24 November 2010


Jonathan Freedland gets it when it comes to the task facing Ed Miliband:
Rather than trying simply to repeat the Blair trick of 1994 – where he declared his intention to scrap the party's commitment to "common ownership of the means of production" – a better focus would be generating a coherent answer to the question of why Labour lost in 2010 and what it would do differently next time around.

To their credit, those close to Miliband acknowledge the party has become disconnected from the British public, that it no longer looks or sounds like them. Remedying that, the leader's camp insists, will be a challenge to the party – "It will not be comfort food," says one adviser, but it will lack the macho simplicity of crushing the unions, as the uber-Blairite scribblers demand.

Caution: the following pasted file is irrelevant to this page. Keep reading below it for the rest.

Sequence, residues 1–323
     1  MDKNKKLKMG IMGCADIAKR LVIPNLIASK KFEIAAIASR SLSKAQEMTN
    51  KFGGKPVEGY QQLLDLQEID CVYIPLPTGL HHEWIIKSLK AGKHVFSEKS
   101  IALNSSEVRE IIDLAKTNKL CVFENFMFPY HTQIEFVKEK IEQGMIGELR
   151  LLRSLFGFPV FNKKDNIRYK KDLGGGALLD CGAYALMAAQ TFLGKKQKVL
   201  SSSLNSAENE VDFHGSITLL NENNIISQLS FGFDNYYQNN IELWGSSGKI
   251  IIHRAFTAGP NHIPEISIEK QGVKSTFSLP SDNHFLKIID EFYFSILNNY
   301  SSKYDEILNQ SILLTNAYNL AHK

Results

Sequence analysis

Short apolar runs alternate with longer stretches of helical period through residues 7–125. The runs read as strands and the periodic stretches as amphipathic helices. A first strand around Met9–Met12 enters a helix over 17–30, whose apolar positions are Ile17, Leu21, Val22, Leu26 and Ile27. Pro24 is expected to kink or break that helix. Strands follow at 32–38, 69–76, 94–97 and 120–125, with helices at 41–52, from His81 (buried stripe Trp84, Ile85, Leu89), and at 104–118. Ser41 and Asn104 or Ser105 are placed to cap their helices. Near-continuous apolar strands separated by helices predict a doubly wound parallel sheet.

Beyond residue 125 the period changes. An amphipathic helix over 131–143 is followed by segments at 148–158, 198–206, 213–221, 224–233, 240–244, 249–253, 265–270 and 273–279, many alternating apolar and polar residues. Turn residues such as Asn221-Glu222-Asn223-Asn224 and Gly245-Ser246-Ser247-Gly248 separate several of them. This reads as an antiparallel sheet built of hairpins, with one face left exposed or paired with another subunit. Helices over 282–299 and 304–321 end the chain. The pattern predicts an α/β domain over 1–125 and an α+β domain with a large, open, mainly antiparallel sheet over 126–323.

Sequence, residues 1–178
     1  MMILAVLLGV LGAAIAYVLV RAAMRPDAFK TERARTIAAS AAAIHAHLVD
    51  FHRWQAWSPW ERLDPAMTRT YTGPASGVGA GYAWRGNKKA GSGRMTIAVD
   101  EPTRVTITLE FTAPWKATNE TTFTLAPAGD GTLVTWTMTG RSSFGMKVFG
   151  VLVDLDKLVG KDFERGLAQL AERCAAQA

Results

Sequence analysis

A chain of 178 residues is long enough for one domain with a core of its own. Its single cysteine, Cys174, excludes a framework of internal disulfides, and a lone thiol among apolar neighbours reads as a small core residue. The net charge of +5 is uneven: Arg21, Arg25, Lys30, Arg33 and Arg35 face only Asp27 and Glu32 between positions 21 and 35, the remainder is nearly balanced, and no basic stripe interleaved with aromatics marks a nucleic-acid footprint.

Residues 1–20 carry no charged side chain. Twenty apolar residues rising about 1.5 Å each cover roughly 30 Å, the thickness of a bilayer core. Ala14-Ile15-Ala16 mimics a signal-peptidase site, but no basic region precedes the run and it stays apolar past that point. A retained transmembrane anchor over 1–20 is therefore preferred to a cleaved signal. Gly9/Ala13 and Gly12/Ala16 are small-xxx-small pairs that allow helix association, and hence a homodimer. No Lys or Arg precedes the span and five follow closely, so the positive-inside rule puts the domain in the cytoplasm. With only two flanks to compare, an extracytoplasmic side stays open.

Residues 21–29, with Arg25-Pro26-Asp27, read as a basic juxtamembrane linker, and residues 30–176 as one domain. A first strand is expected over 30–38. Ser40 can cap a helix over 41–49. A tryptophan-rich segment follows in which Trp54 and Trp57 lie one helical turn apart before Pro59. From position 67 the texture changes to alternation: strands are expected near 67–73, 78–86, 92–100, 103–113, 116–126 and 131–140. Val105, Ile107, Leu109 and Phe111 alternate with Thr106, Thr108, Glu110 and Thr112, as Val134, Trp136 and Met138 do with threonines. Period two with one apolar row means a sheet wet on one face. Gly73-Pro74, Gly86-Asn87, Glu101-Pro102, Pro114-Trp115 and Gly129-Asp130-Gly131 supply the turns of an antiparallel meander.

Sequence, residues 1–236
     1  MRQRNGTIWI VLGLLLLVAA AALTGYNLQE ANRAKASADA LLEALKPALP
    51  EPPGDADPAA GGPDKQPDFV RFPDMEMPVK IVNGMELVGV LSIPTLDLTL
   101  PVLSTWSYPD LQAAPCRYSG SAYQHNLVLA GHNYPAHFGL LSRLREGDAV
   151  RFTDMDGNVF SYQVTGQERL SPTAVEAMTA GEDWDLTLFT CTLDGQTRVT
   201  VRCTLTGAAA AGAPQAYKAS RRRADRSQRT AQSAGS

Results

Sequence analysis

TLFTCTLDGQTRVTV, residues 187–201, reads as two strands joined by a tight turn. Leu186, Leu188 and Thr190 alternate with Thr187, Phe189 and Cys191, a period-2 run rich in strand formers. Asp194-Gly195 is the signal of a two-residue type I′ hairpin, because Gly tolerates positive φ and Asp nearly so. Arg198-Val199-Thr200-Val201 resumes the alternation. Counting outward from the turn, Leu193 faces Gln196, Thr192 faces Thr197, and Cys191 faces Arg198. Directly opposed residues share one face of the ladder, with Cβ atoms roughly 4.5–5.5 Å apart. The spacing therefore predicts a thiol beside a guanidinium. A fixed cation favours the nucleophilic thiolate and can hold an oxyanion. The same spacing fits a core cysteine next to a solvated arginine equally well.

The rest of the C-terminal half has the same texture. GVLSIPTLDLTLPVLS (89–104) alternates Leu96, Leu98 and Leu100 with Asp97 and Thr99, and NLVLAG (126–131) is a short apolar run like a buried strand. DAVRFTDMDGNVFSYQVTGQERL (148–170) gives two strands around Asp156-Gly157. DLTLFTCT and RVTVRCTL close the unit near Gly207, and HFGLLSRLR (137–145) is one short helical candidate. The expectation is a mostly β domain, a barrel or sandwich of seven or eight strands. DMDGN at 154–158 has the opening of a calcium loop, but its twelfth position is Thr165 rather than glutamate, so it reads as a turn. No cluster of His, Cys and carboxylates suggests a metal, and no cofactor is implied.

In the meantime Miliband needs to look outward and do the job of opposition. Lord knows, there is no shortage of things to oppose. Above all, he needs to shift the emphasis of Labour's economic argument. Right now, the party begins with the concession that, yes, there have to be cuts – and then offers quibbles about the timing and degree. That doesn't work. The only way Labour can punch through is by saying that the coalition is taking a reckless gamble with the British economy – with Ireland as a warning from hell – and that any cuts in spending should wait until the return of growth. Otherwise it simply won't get heard.

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